Chemistry and Life

Medicinal chemistry. Pharmacology. Toxicology. Environmental sciences.

Why are there so few boron containing drugs?

6 Comments

TavaboroleThe antifungal drug tavaborole was approved by the FDA a few weeks ago. One thing that is unusual about the chemical structure of tavaborole is the boron atom that it contains. Boron is not a common element in pharmaceutical drugs. The cancer drug bortezomib (Velcade) comes to mind, but there aren’t many. The antibiotic compound boromycin contains boron too, but it’s not a marketed drug.

So what’s wrong with boron that prevents its widespread use in pharmaceuticals? As far as I know, and also according to a review in EMBO Reports, there is nothing inherently bad about boron in terms of it being used in medicines. It seems to be that medicinal chemists simply don’t try to use it often.

The company that developed tavaborole, Anacor Pharmaceuticals, is trying to take advantage of this omission. Their whole pipeline of drug candidates are relatively simple organoboron compounds. You can carve out some novel chemical space in terms of intellectual property that way.

I have encountered a similar situation in my career, except instead of an underutilized element, it involved an underutilized functional group. In developing the anticonvulsants JNJ-26990990 and JNJ-26489112, we were able to patent some very simple* compounds because they contained the relatively uncommon sulfamide functional group. We encountered no inherent problems with druggability associated with the sulfamide groups, and noticed that it showed up relatively infrequently in the patent literature, so we came to the conclusion that it was an underappreciated and underutilized functional group in medicinal chemistry.

*Readers in the drug discovery field can imagine how pleased our scale-up group was to learn that our first clinical candidate could be prepared in one step from commercially available materials.

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6 thoughts on “Why are there so few boron containing drugs?

  1. How common is boron in natural product? Does boron show up in nature (organic contexts) very often?

    • Inorganic boron-containing compounds are found in low levels throughout the environment and are essential micronutrients for plants and animals. But in the context of organic chemical compounds, there are few boron-containing natural products. And those that are known don’t have the carbon-boron bonds present in the drugs tavaborole and bortezomib.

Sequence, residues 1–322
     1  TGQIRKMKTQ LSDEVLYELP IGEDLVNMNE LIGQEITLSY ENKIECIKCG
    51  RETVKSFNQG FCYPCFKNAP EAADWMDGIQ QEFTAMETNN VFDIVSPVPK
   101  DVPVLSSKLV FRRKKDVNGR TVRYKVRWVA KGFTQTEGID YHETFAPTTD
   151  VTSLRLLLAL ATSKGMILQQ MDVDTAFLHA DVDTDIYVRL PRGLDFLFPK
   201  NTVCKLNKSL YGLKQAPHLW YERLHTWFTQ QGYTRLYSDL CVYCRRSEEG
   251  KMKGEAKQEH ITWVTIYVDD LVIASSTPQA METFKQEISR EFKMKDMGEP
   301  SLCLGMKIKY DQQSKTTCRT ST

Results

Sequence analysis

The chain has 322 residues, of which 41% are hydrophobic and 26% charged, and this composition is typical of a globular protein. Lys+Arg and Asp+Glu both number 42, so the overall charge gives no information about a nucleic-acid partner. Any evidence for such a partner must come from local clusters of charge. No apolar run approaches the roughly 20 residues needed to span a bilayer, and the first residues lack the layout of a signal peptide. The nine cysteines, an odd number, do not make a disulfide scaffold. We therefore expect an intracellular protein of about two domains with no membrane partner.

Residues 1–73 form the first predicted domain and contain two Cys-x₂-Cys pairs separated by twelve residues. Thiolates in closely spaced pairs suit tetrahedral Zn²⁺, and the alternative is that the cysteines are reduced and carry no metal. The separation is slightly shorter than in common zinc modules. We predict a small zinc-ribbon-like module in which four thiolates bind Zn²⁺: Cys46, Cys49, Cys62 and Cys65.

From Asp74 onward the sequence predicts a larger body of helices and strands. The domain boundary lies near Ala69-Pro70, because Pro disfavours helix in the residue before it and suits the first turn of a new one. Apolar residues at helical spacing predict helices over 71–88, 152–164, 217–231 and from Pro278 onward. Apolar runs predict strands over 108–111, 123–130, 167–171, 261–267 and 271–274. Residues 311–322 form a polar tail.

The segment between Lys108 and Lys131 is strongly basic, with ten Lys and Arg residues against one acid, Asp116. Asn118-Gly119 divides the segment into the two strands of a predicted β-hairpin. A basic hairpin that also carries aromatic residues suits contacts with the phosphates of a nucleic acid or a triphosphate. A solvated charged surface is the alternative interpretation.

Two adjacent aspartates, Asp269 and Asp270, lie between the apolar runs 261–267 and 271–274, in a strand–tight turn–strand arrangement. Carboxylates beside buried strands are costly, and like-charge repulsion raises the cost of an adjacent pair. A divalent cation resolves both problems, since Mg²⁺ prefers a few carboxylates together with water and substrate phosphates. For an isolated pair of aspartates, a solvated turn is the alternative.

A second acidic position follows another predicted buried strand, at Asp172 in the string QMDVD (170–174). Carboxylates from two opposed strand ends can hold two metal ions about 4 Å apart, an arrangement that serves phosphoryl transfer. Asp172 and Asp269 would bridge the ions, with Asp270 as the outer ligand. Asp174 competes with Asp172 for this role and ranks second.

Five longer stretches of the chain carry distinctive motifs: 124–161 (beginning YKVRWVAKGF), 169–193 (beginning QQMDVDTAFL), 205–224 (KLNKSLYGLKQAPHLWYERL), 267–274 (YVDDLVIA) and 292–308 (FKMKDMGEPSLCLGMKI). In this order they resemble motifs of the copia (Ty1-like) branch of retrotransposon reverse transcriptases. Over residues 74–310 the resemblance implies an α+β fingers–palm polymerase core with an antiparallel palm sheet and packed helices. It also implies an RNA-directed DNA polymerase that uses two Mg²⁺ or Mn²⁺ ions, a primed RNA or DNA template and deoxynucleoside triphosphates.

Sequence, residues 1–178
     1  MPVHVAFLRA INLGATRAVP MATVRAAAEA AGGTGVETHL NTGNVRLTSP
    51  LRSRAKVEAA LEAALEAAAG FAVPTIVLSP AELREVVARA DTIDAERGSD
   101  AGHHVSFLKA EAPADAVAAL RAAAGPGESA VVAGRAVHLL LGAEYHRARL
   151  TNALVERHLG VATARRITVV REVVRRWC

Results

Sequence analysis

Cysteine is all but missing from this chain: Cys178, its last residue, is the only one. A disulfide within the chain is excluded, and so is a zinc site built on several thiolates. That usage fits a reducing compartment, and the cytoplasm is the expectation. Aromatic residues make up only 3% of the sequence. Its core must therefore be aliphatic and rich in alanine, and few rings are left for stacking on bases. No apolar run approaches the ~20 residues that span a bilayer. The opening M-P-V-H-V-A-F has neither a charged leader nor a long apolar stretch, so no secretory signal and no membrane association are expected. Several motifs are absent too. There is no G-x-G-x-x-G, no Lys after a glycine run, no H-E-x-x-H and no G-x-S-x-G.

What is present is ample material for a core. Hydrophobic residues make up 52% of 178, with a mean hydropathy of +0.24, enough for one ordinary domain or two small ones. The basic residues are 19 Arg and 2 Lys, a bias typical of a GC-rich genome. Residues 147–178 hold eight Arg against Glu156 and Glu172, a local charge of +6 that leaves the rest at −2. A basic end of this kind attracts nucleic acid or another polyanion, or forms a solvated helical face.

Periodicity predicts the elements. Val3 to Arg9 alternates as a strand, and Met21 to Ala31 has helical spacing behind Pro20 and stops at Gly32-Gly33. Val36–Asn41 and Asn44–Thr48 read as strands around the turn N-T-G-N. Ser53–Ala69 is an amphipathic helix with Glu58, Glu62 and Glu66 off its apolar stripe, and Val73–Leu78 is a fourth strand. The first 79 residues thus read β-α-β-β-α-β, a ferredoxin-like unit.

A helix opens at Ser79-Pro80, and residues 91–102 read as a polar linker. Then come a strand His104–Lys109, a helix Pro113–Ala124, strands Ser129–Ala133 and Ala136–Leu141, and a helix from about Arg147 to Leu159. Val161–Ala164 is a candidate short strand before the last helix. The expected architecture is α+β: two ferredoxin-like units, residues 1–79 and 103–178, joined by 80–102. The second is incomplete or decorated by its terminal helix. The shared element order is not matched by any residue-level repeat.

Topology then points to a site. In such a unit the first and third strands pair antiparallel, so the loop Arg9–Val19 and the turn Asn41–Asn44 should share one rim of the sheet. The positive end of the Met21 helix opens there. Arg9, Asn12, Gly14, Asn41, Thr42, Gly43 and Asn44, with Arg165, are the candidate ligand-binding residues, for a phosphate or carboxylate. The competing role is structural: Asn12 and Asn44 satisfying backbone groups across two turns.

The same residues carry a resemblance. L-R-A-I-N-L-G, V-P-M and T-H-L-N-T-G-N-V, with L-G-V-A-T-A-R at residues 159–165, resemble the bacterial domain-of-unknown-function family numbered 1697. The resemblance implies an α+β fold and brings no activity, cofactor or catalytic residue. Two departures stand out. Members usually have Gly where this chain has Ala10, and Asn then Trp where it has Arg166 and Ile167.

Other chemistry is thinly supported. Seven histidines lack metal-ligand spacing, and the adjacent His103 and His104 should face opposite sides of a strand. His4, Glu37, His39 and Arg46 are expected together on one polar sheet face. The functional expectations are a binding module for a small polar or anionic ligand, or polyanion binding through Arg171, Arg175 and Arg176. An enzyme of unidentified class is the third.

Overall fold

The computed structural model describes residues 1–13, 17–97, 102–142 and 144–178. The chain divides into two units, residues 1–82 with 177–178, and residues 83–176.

2. That’s interesting. Thanks.

  3. Sulfamide is perfectly fine in a drug as long as the rest of the molecule is greasy. It has the same problem as sulfonamides, only more so – Adding it onto a high polar surface area scaffold (i.e. typical kinase inhibitor with aminopyrimidines, pyridines and the like) would push the inhibitor over the edge, in terms of cell penetration.

    There is a company that uses similarly underutilized dimethylphosphinoxide group, trying to put it everywhere in place of COR, SOR, SO2R. The building block are somewhat expensive to make though – sulfamide is nicer.

    In JNJ-26489112, please have you also looked on the corresponding chromane compounds? – one oxygen less than benzodioxanes. I only ask this because I worked on various chromane series, they are quite lovely to make.

    • Yes, I believe we did make some chromanes, as well as a variety of other oxygen containing heterocycle analogs. They should be covered in WO2007137167 and related patents. Most of what we made were fairly greasy, with BBB penetration being a necessary property, so we didn’t really explore highly polar compounds containing the sulfamide.

  4. I have never seen boron in a drug before until I saw Tolboxane, a tranquilizer.

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